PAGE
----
The Veterans Resource Center celebrated the opening of their new building located in Bannockburn H-108 on Wednesday, Nov. 15. According to UCR Student Life, all registered students are welcome to use this new space to study and utilize some of the resources available which include using the free printer and computers, enjoying a cup of coffee with their Keurig machine and having a space to rest and conversate with other student veterans. The resource center was highly anticipated by students who wanted a larger space to gather given the total of 170 veteran and active duty students, Reserve Officers’ Training Corp (ROTC) cadets and reservists on campus.
The coordinator of the Veterans Resource Center, Tami Thacker, a 12-year U.S. Navy veteran, shared in an interview how excited she is to allow students to have a larger space to study and socialize. “They needed a place to come together, to have a spot on campus just like any other group,” said Thacker. “Everyone else had a student center so it’s important that they had a place where they belonged here.”
The Veterans Resource Center was built in response to complaints from military and veteran students about the size of the Veterans Student Lounge located in Costo Hall, adjacent to the African-American Student Programs. Thacker and other student veterans recognized how the room was only small enough for four chairs, which made it feel “almost like a slap in the face” compared to the other student resource centers available for ethnic and gender programs on campus. In addition, Thacker and other coordinators acknowledged a lack of services available to accommodate the veteran students such as workshops and services to aid their process in financial aid and veteran benefits.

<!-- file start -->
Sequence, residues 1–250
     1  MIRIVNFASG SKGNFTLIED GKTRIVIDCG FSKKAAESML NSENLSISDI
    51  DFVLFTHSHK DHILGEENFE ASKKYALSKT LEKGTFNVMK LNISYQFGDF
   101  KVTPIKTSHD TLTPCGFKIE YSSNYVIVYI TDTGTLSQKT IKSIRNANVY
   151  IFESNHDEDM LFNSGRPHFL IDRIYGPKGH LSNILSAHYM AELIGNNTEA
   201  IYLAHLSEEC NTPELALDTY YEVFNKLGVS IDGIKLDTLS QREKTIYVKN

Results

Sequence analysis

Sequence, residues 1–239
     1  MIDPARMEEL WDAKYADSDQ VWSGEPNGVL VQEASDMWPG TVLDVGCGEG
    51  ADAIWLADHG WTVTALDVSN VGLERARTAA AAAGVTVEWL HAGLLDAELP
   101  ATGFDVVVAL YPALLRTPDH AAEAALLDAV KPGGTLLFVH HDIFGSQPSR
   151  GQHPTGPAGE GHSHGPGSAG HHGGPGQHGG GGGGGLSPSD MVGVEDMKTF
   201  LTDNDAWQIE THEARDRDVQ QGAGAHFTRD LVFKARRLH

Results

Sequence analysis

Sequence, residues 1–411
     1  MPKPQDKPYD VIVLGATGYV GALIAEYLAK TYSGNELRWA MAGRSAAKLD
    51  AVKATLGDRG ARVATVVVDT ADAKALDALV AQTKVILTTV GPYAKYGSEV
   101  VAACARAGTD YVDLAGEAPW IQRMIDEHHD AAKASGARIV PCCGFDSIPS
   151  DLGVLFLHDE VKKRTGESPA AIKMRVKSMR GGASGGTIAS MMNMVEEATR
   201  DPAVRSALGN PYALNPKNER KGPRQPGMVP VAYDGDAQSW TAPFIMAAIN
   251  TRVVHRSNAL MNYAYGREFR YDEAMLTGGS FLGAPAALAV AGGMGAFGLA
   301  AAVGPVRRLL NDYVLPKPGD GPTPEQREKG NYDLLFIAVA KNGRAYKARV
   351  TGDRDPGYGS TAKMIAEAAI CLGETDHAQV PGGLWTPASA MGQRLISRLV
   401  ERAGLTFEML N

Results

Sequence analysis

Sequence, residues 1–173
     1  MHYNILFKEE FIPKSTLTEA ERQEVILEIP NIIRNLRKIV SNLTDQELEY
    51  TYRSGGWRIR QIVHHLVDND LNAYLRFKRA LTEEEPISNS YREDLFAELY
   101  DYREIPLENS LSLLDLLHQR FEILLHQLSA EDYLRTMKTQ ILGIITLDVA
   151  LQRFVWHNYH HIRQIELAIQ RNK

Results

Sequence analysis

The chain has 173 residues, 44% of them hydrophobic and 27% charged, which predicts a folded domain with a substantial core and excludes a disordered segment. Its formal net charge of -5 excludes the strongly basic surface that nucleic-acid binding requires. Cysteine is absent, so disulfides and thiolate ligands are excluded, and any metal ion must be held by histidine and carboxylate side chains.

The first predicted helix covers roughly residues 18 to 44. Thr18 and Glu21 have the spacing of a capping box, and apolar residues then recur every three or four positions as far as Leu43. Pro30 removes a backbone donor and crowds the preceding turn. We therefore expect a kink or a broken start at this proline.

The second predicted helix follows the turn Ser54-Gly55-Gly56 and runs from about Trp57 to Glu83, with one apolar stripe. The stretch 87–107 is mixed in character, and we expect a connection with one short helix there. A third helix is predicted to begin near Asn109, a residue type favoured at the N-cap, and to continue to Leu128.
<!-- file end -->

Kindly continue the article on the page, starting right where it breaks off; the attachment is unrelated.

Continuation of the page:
In spite of receiving a larger space for their activities, some military students had shared that they were displeased by the move to Bannockburn instead of to another room in the HUB. The walk discouraged these students from using the resource center as they preferred to stay around campus, especially around the HUB where most student resources are centrally located.
James Simons, a third-year transfer, is one of a few students who has received a positive experience from the community at the Veterans Resource Center. Simons recalls asking for help from other students with writing his thesis. “I couldn’t quite get a thesis,” shared Simons, “So I asked the vets around and they were able to help get a good thesis because I didn’t prepare enough time to go to the (Academic Resource Center), and I didn’t know I needed to schedule in advance to go there.”
Fourth-year Edward Blodgett takes comfort in knowing that he can come in to the resource center to take advantage of their space and resources they have to offer. “This is the first time we’ve actually had a place where veterans can come and relax in between classes,” he shared. “This is also the first time we’ve had a veteran coordinator… to handle all the stuff we need to do as far as benefits go or organizing events with other clubs and groups.”
Ryan Saenz, a third-year transfer student enjoys the benefits that the new location has had to offer. He acknowledges how the number of parking spaces available for students in the Bannockburn Village was helpful, considering most student veterans are commuters. “I kind of like the location because of the parking situation,” shared Saenz, “because we (student veterans) have gotten some allotments to park here since we (commute). That way we can park and study here or hang out in between classes.”
The Veterans Resource Center anticipates more workshops to be held that will offer veteran students a chance to learn about using their benefits. These workshops include financial aid, benefits from the Disabled American Veterans, a nonprofit organization that provides disabled veterans benefits and resources, and completing priority enrollment within the Financial Aid office.